Highland Woods is being built near Proprietor's Field senior housing.
WILLIAMSTOWN, Mass. — The Highland Woods senior housing project has cleared its last major regulatory hurdle.
Now, the project needs to be financed.
The 40-unit project planned for land off Southworth Street being donated by Williams College came before the town's Conservation Commission on Thursday evening.
In a 5-0 vote, the commissioners present approved the project with conditions they discussed with Highland Woods' representative, engineer Charles LaBatt of Guntlow & Associates.
LaBatt was joined before the commission by the project's attorney, Donald Dubendorf, who told commissioners that Highland Woods is proceeding on schedule.
"There are mostly administrative permits left," Dubendorf said in a meeting telecast on the town's community access television station, WilliNet. "The biggest unkown is the balance of the financing for the project.
"We think if this commission approves, we'll be past the greatest bulk of the permitting uncertainty."
The project is in line to receive nearly $3 million in financing from town sources ($2.6 million from the proceeds of a FEMA Hazard Mitigation Grant). But organizers hope to pay for much of the estimated $12 million cost of the project from low-income housing tax credits awarded by the commonwealth.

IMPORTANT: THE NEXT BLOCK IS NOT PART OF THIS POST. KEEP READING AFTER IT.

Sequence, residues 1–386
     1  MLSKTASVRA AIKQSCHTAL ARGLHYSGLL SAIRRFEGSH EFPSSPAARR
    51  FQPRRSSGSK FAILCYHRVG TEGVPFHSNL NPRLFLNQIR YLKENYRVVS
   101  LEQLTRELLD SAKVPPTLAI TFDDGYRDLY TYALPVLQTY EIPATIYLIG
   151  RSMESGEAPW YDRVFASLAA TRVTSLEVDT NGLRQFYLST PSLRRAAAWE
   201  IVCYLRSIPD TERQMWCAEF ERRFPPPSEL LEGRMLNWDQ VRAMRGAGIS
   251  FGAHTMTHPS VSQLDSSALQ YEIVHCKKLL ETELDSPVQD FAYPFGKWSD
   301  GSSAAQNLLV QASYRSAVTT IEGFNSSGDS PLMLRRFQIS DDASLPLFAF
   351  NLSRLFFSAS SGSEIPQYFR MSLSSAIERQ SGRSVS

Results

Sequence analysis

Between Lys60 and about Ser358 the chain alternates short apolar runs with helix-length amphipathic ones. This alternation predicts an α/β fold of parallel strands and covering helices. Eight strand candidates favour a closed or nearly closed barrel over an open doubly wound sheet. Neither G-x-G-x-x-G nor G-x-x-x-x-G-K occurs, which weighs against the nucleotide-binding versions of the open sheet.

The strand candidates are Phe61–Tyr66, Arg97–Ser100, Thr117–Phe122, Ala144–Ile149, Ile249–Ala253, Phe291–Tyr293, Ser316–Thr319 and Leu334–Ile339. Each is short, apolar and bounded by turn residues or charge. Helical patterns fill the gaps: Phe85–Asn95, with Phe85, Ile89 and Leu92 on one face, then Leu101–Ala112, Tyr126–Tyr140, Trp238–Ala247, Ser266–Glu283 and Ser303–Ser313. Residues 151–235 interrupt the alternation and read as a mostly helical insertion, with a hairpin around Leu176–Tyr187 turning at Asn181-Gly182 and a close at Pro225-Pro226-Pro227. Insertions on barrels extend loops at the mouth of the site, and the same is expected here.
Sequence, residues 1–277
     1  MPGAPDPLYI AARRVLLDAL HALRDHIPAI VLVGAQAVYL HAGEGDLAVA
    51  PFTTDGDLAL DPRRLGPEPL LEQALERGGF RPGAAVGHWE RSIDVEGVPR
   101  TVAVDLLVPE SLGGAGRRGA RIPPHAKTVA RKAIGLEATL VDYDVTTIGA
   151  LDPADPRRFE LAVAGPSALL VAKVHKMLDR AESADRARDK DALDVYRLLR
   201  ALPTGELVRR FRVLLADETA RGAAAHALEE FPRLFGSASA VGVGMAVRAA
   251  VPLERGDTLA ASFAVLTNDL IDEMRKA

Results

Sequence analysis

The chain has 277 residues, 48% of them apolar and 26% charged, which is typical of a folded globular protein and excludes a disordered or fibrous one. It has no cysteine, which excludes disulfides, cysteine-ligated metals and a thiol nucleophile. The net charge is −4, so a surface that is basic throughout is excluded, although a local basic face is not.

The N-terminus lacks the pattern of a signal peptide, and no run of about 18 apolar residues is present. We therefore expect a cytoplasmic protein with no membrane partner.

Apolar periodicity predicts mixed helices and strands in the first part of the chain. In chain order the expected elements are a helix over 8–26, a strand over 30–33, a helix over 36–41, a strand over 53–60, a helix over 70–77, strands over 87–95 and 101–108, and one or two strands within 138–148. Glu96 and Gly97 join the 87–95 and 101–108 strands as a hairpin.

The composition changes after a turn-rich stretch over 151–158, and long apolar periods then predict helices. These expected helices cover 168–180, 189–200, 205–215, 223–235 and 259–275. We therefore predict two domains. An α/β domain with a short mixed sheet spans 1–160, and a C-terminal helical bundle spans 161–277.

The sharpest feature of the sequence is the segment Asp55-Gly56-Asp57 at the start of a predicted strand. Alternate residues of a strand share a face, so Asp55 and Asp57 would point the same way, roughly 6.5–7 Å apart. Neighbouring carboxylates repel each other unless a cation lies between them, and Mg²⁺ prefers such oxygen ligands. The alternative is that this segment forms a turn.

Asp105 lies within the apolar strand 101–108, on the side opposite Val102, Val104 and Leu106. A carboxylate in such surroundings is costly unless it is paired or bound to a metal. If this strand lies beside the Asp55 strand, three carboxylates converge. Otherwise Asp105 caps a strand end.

Those credits could come this spring, allowing for an anticipated summer start for construction of the project.
The Highland Woods project has been "fast-tracked" because its non-profit consortium (Higher Ground, the Women's Institute, Berkshire Housing and Williamstown Elderly Housing) hope it will provide some replacement housing for the residents of the Spruces Mobile Home Park when it is closed in early 2016 under the terms of the FEMA grant.
On Thursday evening, the town's Conservation Commissioners, who did a site visit in the fall, questioned LaBatt about specifics of the drainage plans and use of rain gardens on the site.
Commissioner Henry Art encouraged the project designers to take strong measures to preserve mature trees on the site.
The commission also sought information on plans for a failing town-owned drain pipe that runs through the property.
"One way or another, as part of this project, it will get [replaced]," LaBatt told the panel. "We're permitting it. It could be our contractors under [the town's] supervision."